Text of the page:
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Importance of Exercise in People with Diabetes

By Penelope Reyes, BA, MS

Diabetes has become a global epidemic in the last few years. In 2019, 37.3 million Americans, or 11.3% of the population had diabetes. Of the 37.3 million, 28.7 million were diagnosed and 8.5 million were undiagnosed. 1.4 million Americans are diagnosed with diabetes every year. There are many misconceptions about this condition, so let’s dive into some key facts about it and how exercise can be beneficial (CDC.gov).

What Is Diabetes?

Diabetes is a chronic metabolic disease characterized by high blood glucose (blood sugar) levels. Overtime, this can lead to serious damage to the heart, blood vessels, kidneys, eyes, nerves, etc. TYPE 2 diabetes is the most common and the one that generally affects adults. This type occurs when the body becomes resistant to insulin (a hormone that regulates blood glucose levels) or is unable to produce enough. The other type is TYPE 1 diabetes, known as juvenile diabetes, which occurs when the pancreas produces little to no insulin on its own.

The word diabetes is written on a piece of paper.

The 4 Pillars of Diabetes Management

A person with diabetes has to consider 4 essential pillars for a good control of the condition. (FNHA.ca) Any dysregulation in these pillars can lead to poor management of blood glucose. The 4 main pillars are: 

N: Nutrition → Good food choices lead to a healthy lifestyle (main nutrient to consider which strongly affects blood glucose is carbohydrates). 

A: Activity → One of the best ways to support mental health, wellness and glucose management. 

M: Medications → Whether it is metformin or insulin, appropriate administration will help control the condition and prevent complications. 

E: Emotions → When you do not feel emotionally well, taking medications, making healthy food choices and activity choices can be more difficult -thus dysregulating sugars.

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Can Diabetes Be Prevented?

You cannot prevent TYPE 1 Diabetes with diet and exercise. In fact, you cannot prevent this type at all. This condition involves the body attacking itself and no amount of work will prevent it. TYPE 2 Diabetes is a different story. While some causes might be outside of a person’s control (age, family history) there is a way to deter the diagnosis through prevention techniques like an active lifestyle, healthy food choices, etc.

Benefits of Exercise in Diabetics

Regular physical activity improves glucose levels in a relatively short period of time. Both cardiovascular and strength training bring many benefits. When the body starts working out, there is an activation of a transporter called Glut4. When this enzyme is active, it transports glucose to the muscle without the need for so much insulin present. Thus, after exercise can be a good time to ingest some carbohydrates. Another benefit is increased insulin sensitivity meaning how easy and fast the body can absorb insulin (Richter, 2021).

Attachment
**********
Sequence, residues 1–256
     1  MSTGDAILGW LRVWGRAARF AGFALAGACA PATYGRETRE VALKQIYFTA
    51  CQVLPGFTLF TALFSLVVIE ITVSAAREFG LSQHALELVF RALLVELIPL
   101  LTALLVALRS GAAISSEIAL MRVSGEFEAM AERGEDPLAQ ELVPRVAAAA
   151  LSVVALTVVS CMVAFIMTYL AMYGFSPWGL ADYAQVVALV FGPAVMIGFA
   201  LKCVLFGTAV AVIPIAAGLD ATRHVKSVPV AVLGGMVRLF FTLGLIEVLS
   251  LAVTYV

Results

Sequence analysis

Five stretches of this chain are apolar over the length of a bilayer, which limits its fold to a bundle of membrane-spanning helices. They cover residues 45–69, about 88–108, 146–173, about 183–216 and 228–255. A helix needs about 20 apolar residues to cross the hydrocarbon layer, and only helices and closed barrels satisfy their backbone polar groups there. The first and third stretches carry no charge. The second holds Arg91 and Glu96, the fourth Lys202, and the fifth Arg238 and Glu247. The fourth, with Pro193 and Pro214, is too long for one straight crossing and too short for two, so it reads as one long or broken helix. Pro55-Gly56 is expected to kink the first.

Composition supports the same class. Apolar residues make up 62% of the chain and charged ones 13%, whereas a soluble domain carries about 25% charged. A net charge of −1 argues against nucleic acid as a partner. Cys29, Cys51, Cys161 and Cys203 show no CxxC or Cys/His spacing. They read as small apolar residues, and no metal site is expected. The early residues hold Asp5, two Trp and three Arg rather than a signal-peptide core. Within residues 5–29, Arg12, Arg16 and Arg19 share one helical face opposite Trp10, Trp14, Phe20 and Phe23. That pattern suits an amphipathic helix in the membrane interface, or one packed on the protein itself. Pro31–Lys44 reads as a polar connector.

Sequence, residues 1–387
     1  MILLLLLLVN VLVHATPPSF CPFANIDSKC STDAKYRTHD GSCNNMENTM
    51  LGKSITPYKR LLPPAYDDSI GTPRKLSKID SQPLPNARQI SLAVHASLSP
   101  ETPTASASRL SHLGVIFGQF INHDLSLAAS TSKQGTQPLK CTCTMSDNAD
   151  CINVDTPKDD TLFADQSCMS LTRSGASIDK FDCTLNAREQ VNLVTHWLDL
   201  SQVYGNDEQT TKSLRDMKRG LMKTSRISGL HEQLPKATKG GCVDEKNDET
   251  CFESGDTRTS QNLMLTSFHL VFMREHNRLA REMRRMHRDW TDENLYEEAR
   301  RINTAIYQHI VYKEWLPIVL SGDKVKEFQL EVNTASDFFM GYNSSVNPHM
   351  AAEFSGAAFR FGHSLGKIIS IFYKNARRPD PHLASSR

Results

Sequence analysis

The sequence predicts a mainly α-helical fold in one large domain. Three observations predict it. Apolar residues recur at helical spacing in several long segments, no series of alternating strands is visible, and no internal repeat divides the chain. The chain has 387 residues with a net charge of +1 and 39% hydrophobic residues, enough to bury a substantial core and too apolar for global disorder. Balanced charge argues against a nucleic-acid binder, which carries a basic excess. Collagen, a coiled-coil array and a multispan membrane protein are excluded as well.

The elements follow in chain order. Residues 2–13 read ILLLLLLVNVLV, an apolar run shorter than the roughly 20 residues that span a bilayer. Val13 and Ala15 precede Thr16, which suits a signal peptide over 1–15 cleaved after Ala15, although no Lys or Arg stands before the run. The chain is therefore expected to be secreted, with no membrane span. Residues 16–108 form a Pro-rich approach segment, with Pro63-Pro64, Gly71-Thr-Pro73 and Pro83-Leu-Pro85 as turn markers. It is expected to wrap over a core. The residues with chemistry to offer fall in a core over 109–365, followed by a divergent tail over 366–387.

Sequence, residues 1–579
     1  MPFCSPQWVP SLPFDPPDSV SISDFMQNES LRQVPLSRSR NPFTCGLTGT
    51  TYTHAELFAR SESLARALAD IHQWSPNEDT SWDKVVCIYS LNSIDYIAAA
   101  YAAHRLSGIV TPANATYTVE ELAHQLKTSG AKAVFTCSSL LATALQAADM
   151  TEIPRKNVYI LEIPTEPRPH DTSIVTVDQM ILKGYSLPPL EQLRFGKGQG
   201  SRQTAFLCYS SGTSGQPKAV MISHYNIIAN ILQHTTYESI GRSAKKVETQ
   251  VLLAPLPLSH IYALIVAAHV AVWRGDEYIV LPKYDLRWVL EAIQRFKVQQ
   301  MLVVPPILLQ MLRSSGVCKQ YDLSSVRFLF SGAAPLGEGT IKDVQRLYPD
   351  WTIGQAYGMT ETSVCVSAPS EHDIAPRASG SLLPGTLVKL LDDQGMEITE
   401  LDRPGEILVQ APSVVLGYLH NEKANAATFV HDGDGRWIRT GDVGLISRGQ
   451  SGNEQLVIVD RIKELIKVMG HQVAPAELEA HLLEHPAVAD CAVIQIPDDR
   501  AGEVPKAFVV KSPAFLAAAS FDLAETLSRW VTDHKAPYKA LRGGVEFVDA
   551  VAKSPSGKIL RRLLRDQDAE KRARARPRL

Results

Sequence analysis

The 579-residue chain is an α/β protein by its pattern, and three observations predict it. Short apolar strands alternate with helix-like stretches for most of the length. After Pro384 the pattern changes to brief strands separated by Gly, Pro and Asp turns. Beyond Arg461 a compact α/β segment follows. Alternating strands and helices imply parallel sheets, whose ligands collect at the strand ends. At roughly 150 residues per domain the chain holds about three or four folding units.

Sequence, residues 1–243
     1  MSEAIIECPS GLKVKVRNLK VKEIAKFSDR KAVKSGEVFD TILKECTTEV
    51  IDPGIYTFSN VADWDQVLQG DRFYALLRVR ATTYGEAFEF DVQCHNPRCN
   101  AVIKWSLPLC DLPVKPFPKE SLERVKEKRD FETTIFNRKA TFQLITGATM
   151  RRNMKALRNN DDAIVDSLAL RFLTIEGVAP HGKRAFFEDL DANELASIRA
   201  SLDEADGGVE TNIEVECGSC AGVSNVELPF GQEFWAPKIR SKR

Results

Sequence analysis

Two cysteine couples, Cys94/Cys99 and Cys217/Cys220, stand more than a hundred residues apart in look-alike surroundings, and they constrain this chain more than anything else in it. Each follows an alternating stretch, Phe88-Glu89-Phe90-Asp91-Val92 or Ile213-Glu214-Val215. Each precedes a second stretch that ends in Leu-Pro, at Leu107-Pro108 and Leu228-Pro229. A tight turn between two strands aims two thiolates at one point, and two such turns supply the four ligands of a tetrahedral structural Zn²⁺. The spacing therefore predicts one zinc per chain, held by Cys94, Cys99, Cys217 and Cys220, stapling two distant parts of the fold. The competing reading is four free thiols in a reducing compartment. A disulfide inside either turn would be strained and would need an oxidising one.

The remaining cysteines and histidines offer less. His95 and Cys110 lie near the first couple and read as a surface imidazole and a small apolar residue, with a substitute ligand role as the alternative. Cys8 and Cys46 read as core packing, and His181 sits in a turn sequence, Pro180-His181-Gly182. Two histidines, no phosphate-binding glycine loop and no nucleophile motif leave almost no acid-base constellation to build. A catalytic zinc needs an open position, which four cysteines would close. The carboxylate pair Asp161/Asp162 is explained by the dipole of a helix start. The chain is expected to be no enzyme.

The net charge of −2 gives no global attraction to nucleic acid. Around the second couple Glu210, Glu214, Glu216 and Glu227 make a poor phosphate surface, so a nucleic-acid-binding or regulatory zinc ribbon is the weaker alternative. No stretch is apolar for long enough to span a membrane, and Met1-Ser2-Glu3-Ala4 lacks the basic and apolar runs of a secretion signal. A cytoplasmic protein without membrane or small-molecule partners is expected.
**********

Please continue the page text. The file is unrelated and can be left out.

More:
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Exercise Precautions

One must be careful with hypo (low) and hyper (high) glycemia. Measuring the levels of glucose before starting an activity should help anticipate a possible alteration of glucose. It is not advised to perform physical exercise with levels above 250 mg/dl since there is a risk that the levels will continue to increase due to the secretion of glycogen by the liver. If levels are below 70 mg/dl, carbohydrates should be ingested before activity so levels can rise (just not too much to prevent sugars from spiking).

Conclusion

Diabetes can be managed and controlled when the 4 Pillars are in balance. Individuals with the condition can improve their quality of life and long-term health through having a good understanding of the condition, a good support system, a nutritious diet, and a regular exercise schedule.

References

https://www.cdc.gov/diabetes/data/statistics-report/index.html

https://www.fnha.ca/WellnessSite/WellnessDocuments/FNHA-Name-the-Four-Pillars-of-Diabetes-Management.pdf

Richter E. A. (2021). Is GLUT4 translocation the answer to exercise-stimulated muscle glucose uptake?. American journal of physiology. Endocrinology and metabolism, 320(2), E240–E243. https://doi.org/10.1152/ajpendo.00503.2020

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AUTHORS

Dr. Luke GreenwellDr. David Bokermann and Dr. Sarah Greenwell are Performance Based Physical Therapists with extensive backgrounds in optimizing movement, performance, & recovery.

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